But then it hit me. Despite the fact that I was temping, had no money, didn't know a soul, and had two of the worst roommates imaginable, I wasn't restless anymore. I loved where I was. And seven years later, I still do. I love the wildly diverse mix of people. I love that I'm in a city, but I can hit the beach without leaving town. I love that I never have to scrape ice off my windshield. I love that organic produce is easy to find. I love that people from other states look at me with envy when they hear where I live. But most importantly, I love that I fit in. After years of searching, I'm finally home.


ABOUT KATIE MORRIS

a dilettante who grew up back east, then came to her senses and moved to san francisco. loves: strong coffee, warm weather, and good books. loves not: cell phones, emoticons, and bad drivers.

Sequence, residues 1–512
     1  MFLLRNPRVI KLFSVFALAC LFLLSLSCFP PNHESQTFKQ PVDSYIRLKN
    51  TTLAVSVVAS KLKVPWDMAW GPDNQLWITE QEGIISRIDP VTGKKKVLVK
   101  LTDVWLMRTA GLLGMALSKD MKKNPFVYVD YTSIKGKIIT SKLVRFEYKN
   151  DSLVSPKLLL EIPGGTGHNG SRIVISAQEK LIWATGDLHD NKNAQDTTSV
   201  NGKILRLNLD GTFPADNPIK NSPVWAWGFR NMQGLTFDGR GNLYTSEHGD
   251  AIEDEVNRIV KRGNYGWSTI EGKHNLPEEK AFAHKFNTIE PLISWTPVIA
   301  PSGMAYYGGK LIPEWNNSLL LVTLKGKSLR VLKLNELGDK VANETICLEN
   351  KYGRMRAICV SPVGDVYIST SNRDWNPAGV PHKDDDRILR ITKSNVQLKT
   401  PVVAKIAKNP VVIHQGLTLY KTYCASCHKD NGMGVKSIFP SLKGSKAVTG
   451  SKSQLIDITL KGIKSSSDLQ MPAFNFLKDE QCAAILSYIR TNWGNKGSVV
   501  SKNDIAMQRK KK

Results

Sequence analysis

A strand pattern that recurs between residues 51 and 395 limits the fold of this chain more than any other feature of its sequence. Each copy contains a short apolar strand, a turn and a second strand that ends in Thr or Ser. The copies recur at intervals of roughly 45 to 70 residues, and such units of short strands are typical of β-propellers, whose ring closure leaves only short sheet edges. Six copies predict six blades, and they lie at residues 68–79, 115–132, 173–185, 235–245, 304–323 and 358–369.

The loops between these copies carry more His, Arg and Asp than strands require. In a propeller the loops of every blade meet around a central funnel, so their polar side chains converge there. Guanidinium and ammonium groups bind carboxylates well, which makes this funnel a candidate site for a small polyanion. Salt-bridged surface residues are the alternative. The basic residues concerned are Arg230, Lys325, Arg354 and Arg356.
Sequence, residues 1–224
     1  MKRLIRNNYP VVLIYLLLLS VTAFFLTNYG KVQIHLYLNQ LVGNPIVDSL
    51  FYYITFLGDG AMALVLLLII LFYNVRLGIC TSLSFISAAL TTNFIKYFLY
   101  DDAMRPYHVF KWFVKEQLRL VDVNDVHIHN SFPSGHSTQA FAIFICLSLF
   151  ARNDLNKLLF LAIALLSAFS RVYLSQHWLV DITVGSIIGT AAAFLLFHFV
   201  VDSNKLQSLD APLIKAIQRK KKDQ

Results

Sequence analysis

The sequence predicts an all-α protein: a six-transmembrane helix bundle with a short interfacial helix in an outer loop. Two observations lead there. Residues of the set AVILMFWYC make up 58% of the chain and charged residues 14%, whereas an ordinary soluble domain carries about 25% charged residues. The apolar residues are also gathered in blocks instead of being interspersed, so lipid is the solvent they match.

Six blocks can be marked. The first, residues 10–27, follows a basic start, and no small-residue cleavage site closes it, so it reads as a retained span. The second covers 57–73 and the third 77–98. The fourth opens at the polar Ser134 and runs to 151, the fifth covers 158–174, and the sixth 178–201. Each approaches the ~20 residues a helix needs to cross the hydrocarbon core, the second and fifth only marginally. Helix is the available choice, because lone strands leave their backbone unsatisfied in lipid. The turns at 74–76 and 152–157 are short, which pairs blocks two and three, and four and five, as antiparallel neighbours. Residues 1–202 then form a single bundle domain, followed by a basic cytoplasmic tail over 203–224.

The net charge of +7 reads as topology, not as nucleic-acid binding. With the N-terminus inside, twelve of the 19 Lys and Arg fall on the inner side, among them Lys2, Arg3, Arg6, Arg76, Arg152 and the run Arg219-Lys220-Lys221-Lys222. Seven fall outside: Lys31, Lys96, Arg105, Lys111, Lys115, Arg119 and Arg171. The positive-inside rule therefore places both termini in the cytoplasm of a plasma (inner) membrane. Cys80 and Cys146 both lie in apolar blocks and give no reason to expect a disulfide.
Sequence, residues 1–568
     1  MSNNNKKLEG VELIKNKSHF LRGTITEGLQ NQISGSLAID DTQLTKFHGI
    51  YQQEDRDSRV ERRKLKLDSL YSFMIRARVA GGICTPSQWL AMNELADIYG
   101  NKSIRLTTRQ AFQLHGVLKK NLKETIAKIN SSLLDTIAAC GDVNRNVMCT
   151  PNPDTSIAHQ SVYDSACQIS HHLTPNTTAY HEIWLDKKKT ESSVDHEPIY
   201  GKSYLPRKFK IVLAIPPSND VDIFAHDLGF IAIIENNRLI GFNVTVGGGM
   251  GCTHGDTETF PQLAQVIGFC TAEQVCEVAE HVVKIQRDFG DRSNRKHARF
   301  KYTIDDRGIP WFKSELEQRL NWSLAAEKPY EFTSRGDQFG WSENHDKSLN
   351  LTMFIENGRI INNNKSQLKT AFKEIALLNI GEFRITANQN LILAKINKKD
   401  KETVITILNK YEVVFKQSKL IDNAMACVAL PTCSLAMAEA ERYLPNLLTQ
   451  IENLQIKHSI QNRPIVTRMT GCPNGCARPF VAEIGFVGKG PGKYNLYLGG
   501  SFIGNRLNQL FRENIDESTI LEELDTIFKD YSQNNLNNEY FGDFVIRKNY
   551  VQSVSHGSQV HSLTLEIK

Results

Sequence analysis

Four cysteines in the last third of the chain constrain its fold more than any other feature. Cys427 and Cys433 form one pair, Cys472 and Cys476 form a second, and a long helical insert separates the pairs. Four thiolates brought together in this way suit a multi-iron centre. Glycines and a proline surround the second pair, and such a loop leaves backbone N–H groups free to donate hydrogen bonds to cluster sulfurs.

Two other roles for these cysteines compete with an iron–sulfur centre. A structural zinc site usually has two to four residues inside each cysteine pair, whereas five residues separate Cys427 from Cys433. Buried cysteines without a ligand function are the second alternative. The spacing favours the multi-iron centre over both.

more about katie morris

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COMMENTS

matt morin
10.7.02 @ 12:52a

Everyone needs to live in a few different places. How else are you supposed to know which place is right if you don't have anything to compare it to?

I have a 40-something friend who was born, grew up, went to college and now lives in the same small town. I kinda feel sorry for him, because I think there are so many other places he'd be better suited for.

adam kraemer
10.16.02 @ 10:26a

My dad has a 54-year-old cousin who still lives with her mother. She goes on a lot of cruises, but has literally never left home. I just don't get that.

tracey kelley
10.16.02 @ 11:44a

I completely agree. While there is a certain charm and stability to living in the same house your entire life, or even young life (which I didn't) I think it's important to wander. I've told numerous young people - at least go to college in a completely different state, just to see what it feels like to know where home really is.